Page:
Oregon Chapter Network

Dedicated to the protection and enjoyment of Oregon's ocean, waves and beaches - More Details
February 25, 2016

Crude Oil Export in the PNW – The Sleeping Giant

While the Keystone XL pipeline and drilling the Artic grew to be favorite topics for politicians on both sides of the aisle and the rallying cries for the environmental community, seemingly the only two poster children climate change in the national spotlight, a behemoth has been quietly extending it’s tendrils through the temperate rain forests and communities of the Pacific Northwest.  Crude oil export.  It’s not one single project that begs for a call to arms, but a series of them that stands to dwarf the impact of Keystone XL, both in climate footprint and potential for social and environmental catastrophe.
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Leland Wood works back in the lab to process water quality samples
February 20, 2016

Newport Blue Water Scholar to present to City Council

High bacteria readings at Nye Beach in Newport? It’s not the first time and it probably won’t be the last, but longstanding partnerships between Surfrider and the City of Newport continue to gain ground on sourcing pollution issues in this region. Bacteria is the health indicator measured in water quality for recreational contact and Nye Beach being a hub for tourism and beach recreation, local residents and the City alike have a vested interest in maintaining clean water and healthy beaches.
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February 15, 2016

DC Ocean Recreation Lobby Day Success

Last week Surfrider Foundation volunteers and staff from across the country, including 2 from Oregon, visited our nation’s capitol to help advocate for Surfrider’s 2016 Federal Priorities. Surfrider’s Environmental Director Pete Stauffer and Portland Chapter’s Joanna Malaczynski organized the DC Ocean Recreation Lobby Day event from Feb. 11-12, visiting with over 50 different congressional staff and lawmakers. The event was a huge success, bringing together Surfrider’s finest volunteers and leaders to support federal policies that protect our oceans, waves and beaches.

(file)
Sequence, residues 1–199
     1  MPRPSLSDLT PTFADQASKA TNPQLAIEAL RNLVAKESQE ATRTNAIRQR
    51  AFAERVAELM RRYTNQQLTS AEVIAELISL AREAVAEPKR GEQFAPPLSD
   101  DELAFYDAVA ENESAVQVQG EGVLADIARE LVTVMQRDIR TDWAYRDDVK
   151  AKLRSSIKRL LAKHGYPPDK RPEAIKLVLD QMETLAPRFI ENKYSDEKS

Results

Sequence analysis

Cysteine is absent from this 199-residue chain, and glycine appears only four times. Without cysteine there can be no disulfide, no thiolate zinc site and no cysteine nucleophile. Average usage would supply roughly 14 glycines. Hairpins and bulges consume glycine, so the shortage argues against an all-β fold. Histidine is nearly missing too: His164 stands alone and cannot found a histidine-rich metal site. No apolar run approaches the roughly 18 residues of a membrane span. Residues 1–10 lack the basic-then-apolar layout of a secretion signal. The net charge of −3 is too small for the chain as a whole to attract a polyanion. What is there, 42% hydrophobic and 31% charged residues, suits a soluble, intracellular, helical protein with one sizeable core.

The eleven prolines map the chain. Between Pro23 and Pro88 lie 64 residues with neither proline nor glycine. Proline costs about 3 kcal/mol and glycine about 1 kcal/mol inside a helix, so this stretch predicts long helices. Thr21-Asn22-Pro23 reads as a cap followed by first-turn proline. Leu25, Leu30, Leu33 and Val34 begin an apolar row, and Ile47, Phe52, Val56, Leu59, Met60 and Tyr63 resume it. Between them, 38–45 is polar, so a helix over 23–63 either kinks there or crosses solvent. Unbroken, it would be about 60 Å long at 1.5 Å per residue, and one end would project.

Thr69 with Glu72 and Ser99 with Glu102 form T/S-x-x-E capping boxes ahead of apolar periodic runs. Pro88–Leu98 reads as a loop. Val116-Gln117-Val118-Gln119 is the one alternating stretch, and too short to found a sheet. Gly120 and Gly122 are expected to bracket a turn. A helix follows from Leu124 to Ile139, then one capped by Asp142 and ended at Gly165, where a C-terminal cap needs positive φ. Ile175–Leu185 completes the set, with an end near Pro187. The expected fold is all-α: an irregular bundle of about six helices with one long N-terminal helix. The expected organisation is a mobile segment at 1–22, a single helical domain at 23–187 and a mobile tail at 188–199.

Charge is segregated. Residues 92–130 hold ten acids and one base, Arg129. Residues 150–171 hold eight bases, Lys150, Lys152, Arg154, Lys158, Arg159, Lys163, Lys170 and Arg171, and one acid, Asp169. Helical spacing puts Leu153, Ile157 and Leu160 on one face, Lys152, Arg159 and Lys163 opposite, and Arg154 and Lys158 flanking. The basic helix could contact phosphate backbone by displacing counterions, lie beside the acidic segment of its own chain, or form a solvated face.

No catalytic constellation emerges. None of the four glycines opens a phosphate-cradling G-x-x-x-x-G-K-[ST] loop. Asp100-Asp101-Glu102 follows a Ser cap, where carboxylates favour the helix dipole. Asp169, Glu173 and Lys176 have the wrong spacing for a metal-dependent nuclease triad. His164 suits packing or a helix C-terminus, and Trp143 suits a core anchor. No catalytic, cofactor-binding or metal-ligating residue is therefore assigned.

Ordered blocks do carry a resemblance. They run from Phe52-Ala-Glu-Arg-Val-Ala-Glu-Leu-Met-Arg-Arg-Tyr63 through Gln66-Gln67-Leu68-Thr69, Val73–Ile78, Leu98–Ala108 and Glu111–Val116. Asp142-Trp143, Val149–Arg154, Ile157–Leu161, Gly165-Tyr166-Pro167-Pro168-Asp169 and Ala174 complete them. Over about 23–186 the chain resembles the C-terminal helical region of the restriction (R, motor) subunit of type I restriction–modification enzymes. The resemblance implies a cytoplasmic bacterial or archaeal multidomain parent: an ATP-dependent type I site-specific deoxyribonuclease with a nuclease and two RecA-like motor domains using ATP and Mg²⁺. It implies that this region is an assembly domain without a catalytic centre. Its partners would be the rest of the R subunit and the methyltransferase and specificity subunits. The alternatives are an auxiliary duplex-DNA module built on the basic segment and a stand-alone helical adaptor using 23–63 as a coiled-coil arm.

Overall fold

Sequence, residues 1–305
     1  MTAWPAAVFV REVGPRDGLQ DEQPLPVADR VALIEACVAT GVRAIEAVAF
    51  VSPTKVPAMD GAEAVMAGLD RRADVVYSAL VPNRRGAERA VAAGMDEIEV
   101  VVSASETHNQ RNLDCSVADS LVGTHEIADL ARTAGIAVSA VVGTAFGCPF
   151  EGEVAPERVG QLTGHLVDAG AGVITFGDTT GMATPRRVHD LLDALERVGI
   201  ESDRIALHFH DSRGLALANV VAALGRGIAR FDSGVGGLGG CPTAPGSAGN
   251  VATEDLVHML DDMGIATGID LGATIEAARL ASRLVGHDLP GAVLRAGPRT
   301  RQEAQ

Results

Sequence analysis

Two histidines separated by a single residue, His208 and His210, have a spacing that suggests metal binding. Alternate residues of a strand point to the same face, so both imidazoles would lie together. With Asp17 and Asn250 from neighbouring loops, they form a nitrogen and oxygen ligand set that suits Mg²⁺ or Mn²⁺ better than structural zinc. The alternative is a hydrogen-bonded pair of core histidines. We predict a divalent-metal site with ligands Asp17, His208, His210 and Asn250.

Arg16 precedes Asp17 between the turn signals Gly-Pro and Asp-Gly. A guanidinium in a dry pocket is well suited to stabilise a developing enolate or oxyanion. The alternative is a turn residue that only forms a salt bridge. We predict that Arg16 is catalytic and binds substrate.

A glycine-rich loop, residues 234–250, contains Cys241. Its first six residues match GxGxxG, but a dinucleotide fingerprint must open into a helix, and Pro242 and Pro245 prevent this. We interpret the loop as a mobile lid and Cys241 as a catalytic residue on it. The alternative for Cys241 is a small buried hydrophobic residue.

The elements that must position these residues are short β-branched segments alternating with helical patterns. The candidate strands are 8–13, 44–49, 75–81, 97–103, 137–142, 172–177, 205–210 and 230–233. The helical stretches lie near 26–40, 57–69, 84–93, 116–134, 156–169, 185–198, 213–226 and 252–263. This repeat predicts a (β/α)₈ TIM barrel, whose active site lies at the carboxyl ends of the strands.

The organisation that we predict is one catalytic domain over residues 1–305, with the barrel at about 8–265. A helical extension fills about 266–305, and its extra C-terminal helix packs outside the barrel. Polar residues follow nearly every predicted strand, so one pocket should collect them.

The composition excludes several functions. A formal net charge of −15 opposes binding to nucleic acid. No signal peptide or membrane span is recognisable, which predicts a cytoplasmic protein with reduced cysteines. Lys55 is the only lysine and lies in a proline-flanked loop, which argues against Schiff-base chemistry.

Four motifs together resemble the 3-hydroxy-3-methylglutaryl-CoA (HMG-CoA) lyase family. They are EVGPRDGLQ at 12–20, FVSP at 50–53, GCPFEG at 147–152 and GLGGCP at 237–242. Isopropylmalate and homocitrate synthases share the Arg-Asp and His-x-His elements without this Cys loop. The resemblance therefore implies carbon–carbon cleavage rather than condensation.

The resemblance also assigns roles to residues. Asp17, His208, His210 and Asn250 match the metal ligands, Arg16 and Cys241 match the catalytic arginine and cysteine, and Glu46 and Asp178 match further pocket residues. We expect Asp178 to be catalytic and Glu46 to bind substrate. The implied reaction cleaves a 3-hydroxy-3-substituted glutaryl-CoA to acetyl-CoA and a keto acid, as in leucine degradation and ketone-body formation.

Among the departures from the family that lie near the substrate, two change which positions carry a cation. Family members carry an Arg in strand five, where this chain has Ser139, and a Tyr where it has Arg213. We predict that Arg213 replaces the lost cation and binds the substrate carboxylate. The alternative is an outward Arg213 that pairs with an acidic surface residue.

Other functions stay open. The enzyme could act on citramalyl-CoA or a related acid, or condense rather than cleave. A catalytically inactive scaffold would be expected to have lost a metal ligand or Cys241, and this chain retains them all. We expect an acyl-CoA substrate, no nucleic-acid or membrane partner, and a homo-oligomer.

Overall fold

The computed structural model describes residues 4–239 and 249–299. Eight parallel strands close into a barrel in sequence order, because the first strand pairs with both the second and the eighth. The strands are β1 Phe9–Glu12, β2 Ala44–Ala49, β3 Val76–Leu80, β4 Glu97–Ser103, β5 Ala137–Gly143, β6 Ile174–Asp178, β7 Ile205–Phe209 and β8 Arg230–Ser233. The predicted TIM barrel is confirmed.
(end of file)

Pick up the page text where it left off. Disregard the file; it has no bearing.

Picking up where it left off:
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Falcon Cove - Day after Christmas - Portland Chapter
February 5, 2016

NOAA and Oregon to create statewide Marine Debris Action Plan

After years of statewide heightened awareness and activity on marine debris issues from extensive volunteer cleanup efforts to marine debris policy advocacy such as bag and microbead bans and plastic reduction initiatives, Oregon is working in collaboration with the National Oceanic and Atmospheric Administration’s Marine Debris Program to develop the first ever statewide action plan on marine debris. This comes as good news to Surfrider Chapters throughout the state who have worked tirelessly on this issue for years, positioning themselves as leaders in volunteer cleanup efforts, data collection, rapid response cleanup protocols and advocacy for marine debris reduction policies at the local, state and national level.
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A diver measures rocky bottom inhabitants
January 7, 2016

Scientific Divers Wanted for Oregon’s Marine Reserves!

Oregon Department of Fish and Wildlife (ODFW), in partnership with Oregon Coast Aquarium and Oregon State University, is building a team of volunteer AAUS divers to be trained in PISCO subtidal monitoring protocols to survey the marine reserves off Oregon’s Coast.  ODFW will be hosting a free 2-day training every year in February at the Oregon Coast Aquarium in Newport and if you’re interested and meet the qualifications, you can be part of their scientific dive team!
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A view from Cape Falcon south over Short Sands. Photo: Nadia Gardner
January 1, 2016

Short Sands Ushers in New Year with New Protections!

Recreational users to the popular Short Sands beach located within Oswald West State Park should take appreciation in the new year ushering into effect the Cape Falcon Marine Reserve and Protected Areas as of January 1, 2016! Marking the start of Oregon’s 5th in a statewide system of reserves and protected areas is certainly something to celebrate and important for recreational users visiting the site to be aware of and support ongoing compliance and stewardship. As if you didn’t need another reason to keep it clean while visiting Short Sands, the designation and implementation of these special ecological protections to conserve ocean wildlife should further reinforce your low-impact visit to Shorties. With kickoff celebrations scheduled by local community groups, there’s many upcoming opportunities to learn more about this newly implemented marine reserve at one of Oregon’s most popular tourism and recreational destinations.
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